Mitsubishi and Mitsui have been approved to keep their holdings in Sakhalin-2 under the new operator

Moscow has approved Japan’s Mitsubishi application to continue its participation in the Sakhalin-2 liquefied natural gas (LNG) project after its transfer to a new operator, according to a government order published on Wednesday.

The order signed by Prime Minister Mikhail Mishustin says the government has approved Mitsubishi’s request to transfer a 10% stake in the former operator to an equal stake in Sakhalin Energy, a Russian company that has assumed ownership of the vast LNG project in the Far East of the country.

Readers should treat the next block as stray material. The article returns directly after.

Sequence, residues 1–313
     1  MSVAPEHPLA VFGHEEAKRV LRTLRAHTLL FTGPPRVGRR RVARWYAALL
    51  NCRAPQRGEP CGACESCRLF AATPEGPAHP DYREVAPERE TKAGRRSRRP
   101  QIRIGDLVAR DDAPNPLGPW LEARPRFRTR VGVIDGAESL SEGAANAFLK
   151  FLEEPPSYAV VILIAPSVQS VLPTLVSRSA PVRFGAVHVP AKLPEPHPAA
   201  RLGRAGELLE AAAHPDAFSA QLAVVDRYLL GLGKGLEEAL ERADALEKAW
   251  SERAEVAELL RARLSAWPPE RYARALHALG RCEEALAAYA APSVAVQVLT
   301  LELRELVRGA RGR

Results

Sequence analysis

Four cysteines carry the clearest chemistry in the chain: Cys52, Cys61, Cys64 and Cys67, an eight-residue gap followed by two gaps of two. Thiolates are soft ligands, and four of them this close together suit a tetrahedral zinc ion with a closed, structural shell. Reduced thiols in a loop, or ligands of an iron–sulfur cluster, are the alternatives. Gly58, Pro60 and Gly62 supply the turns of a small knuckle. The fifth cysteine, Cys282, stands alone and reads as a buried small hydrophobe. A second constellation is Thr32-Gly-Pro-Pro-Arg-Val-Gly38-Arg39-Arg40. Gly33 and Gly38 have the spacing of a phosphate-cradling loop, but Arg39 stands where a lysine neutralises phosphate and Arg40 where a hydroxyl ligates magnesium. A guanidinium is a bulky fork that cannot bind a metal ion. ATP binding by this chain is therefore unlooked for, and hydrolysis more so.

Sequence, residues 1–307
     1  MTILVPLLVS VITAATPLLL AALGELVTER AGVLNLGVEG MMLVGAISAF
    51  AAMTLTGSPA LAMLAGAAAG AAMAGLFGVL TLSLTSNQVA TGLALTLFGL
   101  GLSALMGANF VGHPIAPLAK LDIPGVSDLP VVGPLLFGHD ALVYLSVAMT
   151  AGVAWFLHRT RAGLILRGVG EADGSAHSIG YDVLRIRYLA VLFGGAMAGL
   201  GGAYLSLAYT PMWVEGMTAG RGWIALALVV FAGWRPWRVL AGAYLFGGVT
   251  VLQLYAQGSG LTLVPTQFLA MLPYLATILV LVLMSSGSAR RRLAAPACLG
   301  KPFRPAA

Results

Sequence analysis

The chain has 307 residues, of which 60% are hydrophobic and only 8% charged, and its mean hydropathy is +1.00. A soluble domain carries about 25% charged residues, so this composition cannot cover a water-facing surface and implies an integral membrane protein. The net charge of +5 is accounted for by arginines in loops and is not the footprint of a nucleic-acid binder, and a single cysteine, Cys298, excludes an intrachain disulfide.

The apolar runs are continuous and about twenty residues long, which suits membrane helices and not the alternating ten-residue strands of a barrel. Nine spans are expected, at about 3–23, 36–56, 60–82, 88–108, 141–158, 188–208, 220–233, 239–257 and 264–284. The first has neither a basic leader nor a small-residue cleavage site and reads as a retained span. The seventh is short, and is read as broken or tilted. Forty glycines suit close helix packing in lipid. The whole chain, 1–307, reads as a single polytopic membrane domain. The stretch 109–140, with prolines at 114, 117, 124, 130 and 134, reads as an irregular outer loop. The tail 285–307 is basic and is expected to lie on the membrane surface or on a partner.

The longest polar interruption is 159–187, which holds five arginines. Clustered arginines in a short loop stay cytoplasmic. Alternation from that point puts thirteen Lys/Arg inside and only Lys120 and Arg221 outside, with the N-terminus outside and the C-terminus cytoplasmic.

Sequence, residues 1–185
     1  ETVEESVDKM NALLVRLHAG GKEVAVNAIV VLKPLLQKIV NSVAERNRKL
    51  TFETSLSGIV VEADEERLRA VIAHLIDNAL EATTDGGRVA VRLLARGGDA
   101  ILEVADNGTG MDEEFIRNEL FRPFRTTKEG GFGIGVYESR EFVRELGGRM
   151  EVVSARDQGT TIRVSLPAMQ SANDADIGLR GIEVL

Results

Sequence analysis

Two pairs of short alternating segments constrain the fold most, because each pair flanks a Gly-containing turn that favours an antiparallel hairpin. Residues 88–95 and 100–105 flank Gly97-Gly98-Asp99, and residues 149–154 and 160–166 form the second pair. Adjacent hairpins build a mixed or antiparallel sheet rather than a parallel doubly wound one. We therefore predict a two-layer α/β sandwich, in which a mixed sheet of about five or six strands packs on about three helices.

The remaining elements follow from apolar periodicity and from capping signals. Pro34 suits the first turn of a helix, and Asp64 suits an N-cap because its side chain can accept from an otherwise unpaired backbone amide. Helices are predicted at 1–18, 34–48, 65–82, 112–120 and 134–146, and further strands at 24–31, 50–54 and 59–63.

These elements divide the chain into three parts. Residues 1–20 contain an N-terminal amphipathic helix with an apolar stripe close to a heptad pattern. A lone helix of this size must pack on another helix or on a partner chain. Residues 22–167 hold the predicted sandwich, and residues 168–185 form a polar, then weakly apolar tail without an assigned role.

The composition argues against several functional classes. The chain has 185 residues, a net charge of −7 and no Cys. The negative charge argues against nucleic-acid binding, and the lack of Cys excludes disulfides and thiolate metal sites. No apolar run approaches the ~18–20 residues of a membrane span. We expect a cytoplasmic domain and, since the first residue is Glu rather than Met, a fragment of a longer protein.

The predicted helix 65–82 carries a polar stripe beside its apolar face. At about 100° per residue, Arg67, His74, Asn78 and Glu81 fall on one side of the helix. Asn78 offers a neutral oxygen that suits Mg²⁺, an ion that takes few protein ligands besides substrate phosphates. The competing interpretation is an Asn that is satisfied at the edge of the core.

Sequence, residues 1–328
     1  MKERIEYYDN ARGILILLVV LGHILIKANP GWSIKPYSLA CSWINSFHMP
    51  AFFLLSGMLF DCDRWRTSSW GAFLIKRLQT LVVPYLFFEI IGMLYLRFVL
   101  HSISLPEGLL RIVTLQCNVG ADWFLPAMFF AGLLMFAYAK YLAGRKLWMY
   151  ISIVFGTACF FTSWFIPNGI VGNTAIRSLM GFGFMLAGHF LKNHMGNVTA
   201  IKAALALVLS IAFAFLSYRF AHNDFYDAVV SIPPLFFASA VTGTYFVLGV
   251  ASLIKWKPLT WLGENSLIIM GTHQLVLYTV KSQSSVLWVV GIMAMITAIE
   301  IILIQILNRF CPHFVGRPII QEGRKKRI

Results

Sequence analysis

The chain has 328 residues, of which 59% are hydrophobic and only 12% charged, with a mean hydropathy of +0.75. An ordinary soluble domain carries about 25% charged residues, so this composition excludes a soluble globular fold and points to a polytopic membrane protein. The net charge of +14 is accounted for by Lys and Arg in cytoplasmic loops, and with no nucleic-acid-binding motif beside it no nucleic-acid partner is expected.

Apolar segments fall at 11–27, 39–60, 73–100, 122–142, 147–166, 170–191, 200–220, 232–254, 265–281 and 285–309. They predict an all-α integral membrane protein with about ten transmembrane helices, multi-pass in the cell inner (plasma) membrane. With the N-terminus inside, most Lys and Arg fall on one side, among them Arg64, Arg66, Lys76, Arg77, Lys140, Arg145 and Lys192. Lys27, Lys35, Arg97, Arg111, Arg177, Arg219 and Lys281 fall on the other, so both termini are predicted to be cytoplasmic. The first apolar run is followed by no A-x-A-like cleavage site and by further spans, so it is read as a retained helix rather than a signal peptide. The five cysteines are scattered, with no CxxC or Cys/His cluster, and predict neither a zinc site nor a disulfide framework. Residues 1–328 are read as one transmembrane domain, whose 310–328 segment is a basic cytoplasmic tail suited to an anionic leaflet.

On Tuesday, the Kremlin approved a separate request by Japan’s Mitsui to transfer its 12.5% ​​stake in the project to the new entity.

In June, Russian President Vladimir Putin ordered the reorganization of the Sakhalin-2 company, transferring ownership of its Bermuda-based operator to a new national company. Foreign shareholders were then told that they would have to reapply to maintain their stake in the project. The move came in response to sanctions from “hostile countries.”

Sakhalin-2, one of the world’s largest LNG projects with an annual output of 12 million tons, was launched in 2009 as a joint venture between Russia’s Gazprom, Japan’s Mitsui and Mitsubishi, and Britain’s Shell. The company, located on the Russian island of Sakhalin in the Pacific Ocean, north of Japan, supplies LNG mainly to Asian markets.

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